After I arrived in Israel following that conference, I wrote a one-page note about all the reasons I saw for normalizing the situation of Israel’s Palestinian citizens within the context of what should be a fully democratic state. One day, I was discussing these issues with Ari, an Israeli friend I had met in Washington. I asked him if I could read him what I had written. He told me to go ahead. Once I finished, he told me that he agreed with me and that, among all the reasons I had cited for righting the wrongs of Palestinians in Israel, the key one was none of the self-interested arguments, but rather the first reason I had quoted –simply that “it was the right thing to do.” He thought for a few seconds and then concluded: “One day we will pay for what we have done to the Arabs.”

First they take our land and now they take our lunch!

Rami is a youth leader in Arrub camp. Last year, he was one of the organizers of a summer camp for French, German, Israeli and Palestinian youth that took place in France. He was recounting the experience to me when we came to the issue of food. The French organizers had asked all groups to prepare some food that was typical of their country. Rami explained how the Israelis prepared hummus, falafel, a tomato and cucumber salad dressed in olive oil and lemon which they call “Israeli salad” and a yoghourt-type product called lavneh. All these dishes are typically Palestinian and Palestinians have been eating them for centuries.  Rami could not believe it. In his surprise, he said he thought, “These guys! First they take our land and now they take our lunch!” He went on to explain how the Palestinian students were left with providing Palestinian sweets for dessert, as their most emblematic dishes had been appropriated and presented as typically Israeli by the Israeli students.

An Israeli father and a Palestinian grandmother

I once attended a meeting of an organization that brings together relatives of victims of the conflict on both the Israeli and the Palestinian sides in order to foster peace. I listened to two moving testimonies –one was delivered by the father of a young Israeli woman who had been killed by a suicide bomber as she rode on a bus. The other was delivered by the grandmother of a young Palestinian man who had been killed by an “incursion” of the Israeli army into a refugee camp in the West Bank. It was a chilling experience which reminded one of the enormous costs of this conflict in terms of sheer human suffering. The commonalities between both bereaved relatives were clear –the utter pain which would never leave them as long as they lived, the wish to communicate that pain to others so we can have an inkling of what they have been through, and the determination to use their suffering to foster the cause of ending the conflict.

The differences, however, were also clear. The Israeli father was a middle class man. He lives in Israel –an independent, free, and rich country. His is an environment where the economy is thriving, the government is independent and people travel freely within their country and abroad. The Palestinian grandmother was a poor woman. She lives in a refugee camp –away from her original, now destroyed village, in an occupied and poor Palestine. Her people have no jobs, no independent country and not even freedom to move from one West Bank town to another without going through checkpoints and having to endure every whim of the Israeli army. I felt the differences between that Israeli father and that Palestinian grandmother were as striking as the similarities between them.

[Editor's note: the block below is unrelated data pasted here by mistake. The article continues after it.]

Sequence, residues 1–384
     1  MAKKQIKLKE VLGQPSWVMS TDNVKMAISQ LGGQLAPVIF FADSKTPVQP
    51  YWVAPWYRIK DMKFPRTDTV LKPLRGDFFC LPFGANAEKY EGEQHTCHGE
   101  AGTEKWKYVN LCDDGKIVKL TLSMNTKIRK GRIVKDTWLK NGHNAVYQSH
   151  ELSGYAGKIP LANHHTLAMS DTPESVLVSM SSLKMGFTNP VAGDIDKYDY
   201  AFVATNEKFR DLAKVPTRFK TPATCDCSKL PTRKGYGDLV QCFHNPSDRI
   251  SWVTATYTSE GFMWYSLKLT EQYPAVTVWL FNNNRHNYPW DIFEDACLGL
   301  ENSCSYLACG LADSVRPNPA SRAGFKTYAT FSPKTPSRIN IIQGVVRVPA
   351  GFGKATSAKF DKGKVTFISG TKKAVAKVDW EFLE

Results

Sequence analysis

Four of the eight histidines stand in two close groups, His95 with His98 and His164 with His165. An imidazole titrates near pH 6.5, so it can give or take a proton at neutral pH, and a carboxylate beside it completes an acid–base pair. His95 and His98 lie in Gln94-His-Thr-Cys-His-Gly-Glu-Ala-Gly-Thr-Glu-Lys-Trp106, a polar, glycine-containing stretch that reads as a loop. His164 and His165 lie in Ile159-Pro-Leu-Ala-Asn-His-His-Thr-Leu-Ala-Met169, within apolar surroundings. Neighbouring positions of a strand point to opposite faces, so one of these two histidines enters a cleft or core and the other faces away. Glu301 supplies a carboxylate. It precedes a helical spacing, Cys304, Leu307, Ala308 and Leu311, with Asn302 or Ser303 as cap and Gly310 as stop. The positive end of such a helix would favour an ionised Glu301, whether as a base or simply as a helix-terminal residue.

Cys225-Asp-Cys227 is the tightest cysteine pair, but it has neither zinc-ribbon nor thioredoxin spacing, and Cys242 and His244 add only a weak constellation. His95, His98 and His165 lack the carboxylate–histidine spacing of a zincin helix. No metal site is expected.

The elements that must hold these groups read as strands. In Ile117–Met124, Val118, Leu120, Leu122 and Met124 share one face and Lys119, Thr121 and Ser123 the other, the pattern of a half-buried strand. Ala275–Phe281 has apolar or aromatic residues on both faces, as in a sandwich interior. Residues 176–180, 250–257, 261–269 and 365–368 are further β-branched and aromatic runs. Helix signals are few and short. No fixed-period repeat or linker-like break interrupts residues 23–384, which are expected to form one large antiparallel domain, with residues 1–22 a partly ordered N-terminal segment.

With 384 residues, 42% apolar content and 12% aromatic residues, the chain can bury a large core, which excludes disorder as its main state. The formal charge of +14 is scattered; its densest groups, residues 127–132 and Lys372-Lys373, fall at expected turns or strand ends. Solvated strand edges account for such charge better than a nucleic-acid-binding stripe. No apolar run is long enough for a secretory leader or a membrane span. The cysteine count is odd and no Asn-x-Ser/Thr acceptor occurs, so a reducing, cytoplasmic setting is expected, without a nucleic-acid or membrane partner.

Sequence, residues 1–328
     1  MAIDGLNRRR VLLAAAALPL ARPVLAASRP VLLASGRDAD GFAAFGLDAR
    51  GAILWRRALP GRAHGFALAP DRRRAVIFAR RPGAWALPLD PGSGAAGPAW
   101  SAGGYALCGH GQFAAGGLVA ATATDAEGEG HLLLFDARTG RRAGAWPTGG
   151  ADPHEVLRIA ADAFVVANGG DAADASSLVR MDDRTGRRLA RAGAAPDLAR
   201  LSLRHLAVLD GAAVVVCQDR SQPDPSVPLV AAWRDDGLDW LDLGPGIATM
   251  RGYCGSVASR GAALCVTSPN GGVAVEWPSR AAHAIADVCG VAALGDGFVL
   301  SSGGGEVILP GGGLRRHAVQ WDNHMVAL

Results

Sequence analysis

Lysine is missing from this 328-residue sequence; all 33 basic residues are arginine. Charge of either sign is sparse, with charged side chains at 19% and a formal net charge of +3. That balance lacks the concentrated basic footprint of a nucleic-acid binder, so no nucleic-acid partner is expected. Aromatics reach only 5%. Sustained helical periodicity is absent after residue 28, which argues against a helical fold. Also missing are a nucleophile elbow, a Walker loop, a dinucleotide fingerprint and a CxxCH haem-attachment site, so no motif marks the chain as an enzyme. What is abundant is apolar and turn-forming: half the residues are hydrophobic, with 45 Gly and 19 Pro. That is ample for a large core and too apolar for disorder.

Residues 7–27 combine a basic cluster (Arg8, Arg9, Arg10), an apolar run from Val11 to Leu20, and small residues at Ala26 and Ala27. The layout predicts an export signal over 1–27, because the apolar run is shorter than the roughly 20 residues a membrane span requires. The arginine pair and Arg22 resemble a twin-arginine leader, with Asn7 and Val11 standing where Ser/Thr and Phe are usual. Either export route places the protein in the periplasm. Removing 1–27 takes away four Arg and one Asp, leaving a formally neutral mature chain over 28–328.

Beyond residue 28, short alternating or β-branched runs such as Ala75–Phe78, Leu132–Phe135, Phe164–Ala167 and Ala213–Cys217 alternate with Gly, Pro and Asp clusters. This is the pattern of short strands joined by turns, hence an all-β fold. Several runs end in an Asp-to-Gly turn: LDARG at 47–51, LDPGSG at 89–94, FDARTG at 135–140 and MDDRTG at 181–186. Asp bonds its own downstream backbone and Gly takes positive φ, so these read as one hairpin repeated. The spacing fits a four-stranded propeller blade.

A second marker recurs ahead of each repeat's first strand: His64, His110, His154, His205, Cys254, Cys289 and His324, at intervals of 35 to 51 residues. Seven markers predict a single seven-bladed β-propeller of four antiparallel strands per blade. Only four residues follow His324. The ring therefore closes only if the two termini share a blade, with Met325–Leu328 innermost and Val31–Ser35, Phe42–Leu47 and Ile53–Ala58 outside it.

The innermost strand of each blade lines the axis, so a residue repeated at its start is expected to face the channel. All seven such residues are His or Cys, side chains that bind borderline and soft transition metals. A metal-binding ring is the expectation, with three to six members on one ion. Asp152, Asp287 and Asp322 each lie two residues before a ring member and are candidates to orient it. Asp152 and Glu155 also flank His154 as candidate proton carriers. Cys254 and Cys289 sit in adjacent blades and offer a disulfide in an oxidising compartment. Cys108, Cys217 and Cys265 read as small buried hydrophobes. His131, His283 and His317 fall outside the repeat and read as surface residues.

They haven’t been here very long!

One of the most astounding arguments I have heard from Israeli Jews against Palestinian rights –whether in Israel or Palestine—is that the Palestinian people haven’t been there very long. One day, I was having Shabbat dinner at the home of Daniel, an American-Israeli friend. At one point in the evening, the Palestinian issue came up and one of the dinner guests said: “You know, Palestinians haven’t been here very long. Most of them came over during the Ottoman empire about three hundred years ago.” Before I had time to think through what to answer, my friend Daniel spoke up: “Even if that were true, it would be much longer ago than most of us!” he said to my relief. That is exactly right. I am not sure how much truth there is to the claim that a significant number of Palestinians came from other parts of the Middle East. But I do know that the answer is not relevant in determining their rights. The Middle East was a cultural, linguistic and political unity for centuries and, naturally, people migrated from some parts of it to others. Moreover, it is particularly striking that someone who was born outside Israel (as was the case with the young man who had made the comment) would argue that Palestinians had only been there for three hundred years. As Daniel intimated, this is much longer than ninety percent of Israeli Jews. If we don’t want the rights of Israeli Jews to be questioned based on how long they have been in the country, it seems logical that we should not question the same right regarding Palestinians.

Tzippi Livni and Coca-Cola